Johnson v. GaryAnnotate this Case
443 So. 2d 924 (1983)
Mary JOHNSON v. Paul GARY and Mitsuko Gary d/b/a B & N Steakhouse.
Supreme Court of Alabama.
December 22, 1983.
*925 M. Ashley McKathan of Powell & Powell, Andalusia, for appellant.
Charles J. Kettler, Jr., Luverne, for appellees.
Plaintiff Mary Johnson sued her former employers, Paul and Mitsuko Gary, d/b/a B & N Steakhouse, alleging that she was wrongfully discharged from her job. It is undisputed that plaintiff's job status was that of an employee at will. The trial court dismissed plaintiff's action, ruling that her complaint failed to state a claim upon which relief could be granted. Although it was referred to as a judgment of dismissal, it was, as to the last two claims, more properly a summary judgment, since the trial court had before it, in addition to the pleadings, the uncontroverted statement by the Alabama Unemployment Agency as to why the plaintiff was not entitled to unemployment compensation. Johnson appeals. We affirm.
The complaint alleges that Johnson, a 58-year-old employee of defendants, injured her back and neck on October 10, 1982, when she fell at work. She sought and received workmen's compensation benefits as provided under Ala.Code 1975, § 25-5-1, et seq. She was subsequently discharged from her employment at the restaurant.
In Count I of her complaint she alleges that she was discharged by the defendants in retaliation for having applied for workmen's compensation benefits. Counts II and III of the complaint allege tortious interference by the defendants with Johnson's efforts to receive unemployment compensation benefits following her discharge from the restaurant.*926 "The general rule is that an employment contract at will may be terminated by either party with or without cause or justification. 56 C.J.S. Master and Servant § 31; and 62 A.L.R.3d 271. This means a good reason, a wrong reason, or no reason. "Alabama has followed the general rule which is that in a contract of employment `at will,' the contract means what it says, that it is at the will of either party. The employee can quit at will; the employer can terminate at will. Alabama Mills, Inc. v. Smith, 237 Ala. 296, 186 So. 699 (1939). This is true whether the discharge by the employer was malicious or done for other improper reasons. Comerford v. International Harvester Co., 235 Ala. 376, 178 So. 894 (1938). This has been the Alabama law since the early years of this century. See Tennessee Coal, Iron and R. Co. v. Kelly, 163 Ala. 348, 50 So. 1008 (1909), where this Court held: "`... If one does an act which is legal in itself and violates no right of another, the fact that this rightful act is done from bad motives or with bad intent toward the person so injured thereby does not give the latter a right of action against the former.'" Hinrichs v. Tranquilaire Hospital, 352 So. 2d 1130, 1131 (Ala.1977). "In Howard v. East Tenn., Va. & Ga. Railroad Co., 91 Ala. 268 at 170, 8 So. 868 at 869 (1891), this court stated `unless some time is fixed during which the employment is to continue, either party may terminate the contract at will.' The validity of this rule was reaffirmed, more recently, in Hinrichs v. Tranquilaire Hospital, 352 So. 2d 1130 (Ala.1977). Subsequently, the rule has been applied, and has withstood attack. Davis v. Marshall, 404 So. 2d 642 (Ala.1981); Tripp v. Hall, 395 So. 2d 33 (Ala.1981); Carver v. Metrobank, 386 So. 2d 737 (Ala.1980); Bender Ship Repair, Inc. v. Stevens, 379 So. 2d 594 (Ala.1980); Newby v. City of Andalusia, 376 So. 2d 1374 (Ala.1979); Bierley v. American Cast Iron Pipe Company, 374 So. 2d 1341 (Ala.1979); Martin v. Tapley, 360 So. 2d 708 (Ala. 1978)."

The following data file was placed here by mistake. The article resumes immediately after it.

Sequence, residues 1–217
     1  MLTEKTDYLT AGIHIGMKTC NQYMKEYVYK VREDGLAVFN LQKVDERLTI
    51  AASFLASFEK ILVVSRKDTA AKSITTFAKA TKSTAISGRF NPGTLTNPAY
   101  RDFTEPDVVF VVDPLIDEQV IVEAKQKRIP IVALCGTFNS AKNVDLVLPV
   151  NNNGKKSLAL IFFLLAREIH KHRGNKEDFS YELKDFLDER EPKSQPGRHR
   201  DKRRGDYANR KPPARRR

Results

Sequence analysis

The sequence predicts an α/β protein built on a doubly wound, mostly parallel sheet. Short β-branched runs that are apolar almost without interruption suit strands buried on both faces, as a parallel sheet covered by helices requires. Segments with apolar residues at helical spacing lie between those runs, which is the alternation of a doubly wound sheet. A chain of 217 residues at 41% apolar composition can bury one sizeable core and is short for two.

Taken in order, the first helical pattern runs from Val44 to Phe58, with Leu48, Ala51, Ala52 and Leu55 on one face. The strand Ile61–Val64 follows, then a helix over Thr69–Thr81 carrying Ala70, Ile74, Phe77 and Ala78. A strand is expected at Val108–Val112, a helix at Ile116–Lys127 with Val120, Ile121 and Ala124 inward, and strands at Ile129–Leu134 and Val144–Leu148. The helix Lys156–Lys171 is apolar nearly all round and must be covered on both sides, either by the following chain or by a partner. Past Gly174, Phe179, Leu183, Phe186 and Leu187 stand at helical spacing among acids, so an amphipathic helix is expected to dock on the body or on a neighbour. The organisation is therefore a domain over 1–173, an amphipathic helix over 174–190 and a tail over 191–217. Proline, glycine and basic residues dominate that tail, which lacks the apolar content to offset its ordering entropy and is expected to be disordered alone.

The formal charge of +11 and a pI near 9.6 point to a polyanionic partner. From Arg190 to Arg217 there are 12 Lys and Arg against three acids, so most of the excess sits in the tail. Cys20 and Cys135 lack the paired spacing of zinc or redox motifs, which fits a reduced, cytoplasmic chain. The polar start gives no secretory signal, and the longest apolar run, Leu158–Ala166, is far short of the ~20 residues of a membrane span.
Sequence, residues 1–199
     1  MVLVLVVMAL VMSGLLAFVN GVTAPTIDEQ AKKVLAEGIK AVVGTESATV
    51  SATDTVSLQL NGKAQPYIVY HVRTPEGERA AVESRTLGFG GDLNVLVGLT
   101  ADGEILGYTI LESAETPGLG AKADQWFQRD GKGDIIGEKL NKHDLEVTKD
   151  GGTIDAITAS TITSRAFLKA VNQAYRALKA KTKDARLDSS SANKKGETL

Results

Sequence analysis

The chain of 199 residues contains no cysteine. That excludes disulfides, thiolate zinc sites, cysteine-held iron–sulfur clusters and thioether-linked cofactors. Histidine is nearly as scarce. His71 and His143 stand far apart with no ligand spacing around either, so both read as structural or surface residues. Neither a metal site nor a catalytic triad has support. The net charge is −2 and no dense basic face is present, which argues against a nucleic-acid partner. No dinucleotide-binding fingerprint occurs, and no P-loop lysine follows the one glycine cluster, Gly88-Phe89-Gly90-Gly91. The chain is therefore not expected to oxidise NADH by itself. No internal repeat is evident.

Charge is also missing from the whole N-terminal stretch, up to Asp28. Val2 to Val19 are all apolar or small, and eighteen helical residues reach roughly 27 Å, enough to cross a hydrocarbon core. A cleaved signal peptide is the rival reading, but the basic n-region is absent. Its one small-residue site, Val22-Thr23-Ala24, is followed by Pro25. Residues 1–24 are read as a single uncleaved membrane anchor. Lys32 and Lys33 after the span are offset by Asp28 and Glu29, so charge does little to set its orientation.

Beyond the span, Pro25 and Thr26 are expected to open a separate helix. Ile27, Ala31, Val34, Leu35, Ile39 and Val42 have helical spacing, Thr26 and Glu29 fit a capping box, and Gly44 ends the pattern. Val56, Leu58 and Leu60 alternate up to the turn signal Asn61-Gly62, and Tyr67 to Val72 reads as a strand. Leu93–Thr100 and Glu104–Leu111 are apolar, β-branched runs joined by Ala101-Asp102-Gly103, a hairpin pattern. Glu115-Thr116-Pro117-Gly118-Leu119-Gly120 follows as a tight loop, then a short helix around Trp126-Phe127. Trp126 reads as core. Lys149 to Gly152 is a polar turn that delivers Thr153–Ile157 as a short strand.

Meredith v. C.E. Walther, Inc., 422 So. 2d 761, 762 (Ala.1982).
This case presents nothing to justify adoption of an exception to the long-standing rule of this jurisdiction.
The Alabama legislature has provided the exclusive remedy for determinations regarding unemployment compensation. Section 25-4-96, Ala.Code 1975, provides:"The procedure provided in this article for the making of determinations with respect to claims for unemployment compensation benefits and for appealing from such determinations shall be exclusive."
Mrs. Johnson was initially denied unemployment compensation. She made use of the procedural and appellate remedies provided by the act and ultimately received benefits. She properly pursued the adequate remedy at law and won. Any possible hindrance to that process that her former employers may have raised was resolved within the remedy the law affords. Therefore, her allegations regarding tortious interference with her efforts to receive unemployment compensation are without merit.
The judgment of the trial court is hereby affirmed.
TORBERT, C.J., and MADDOX, JONES and BEATTY, JJ., concur.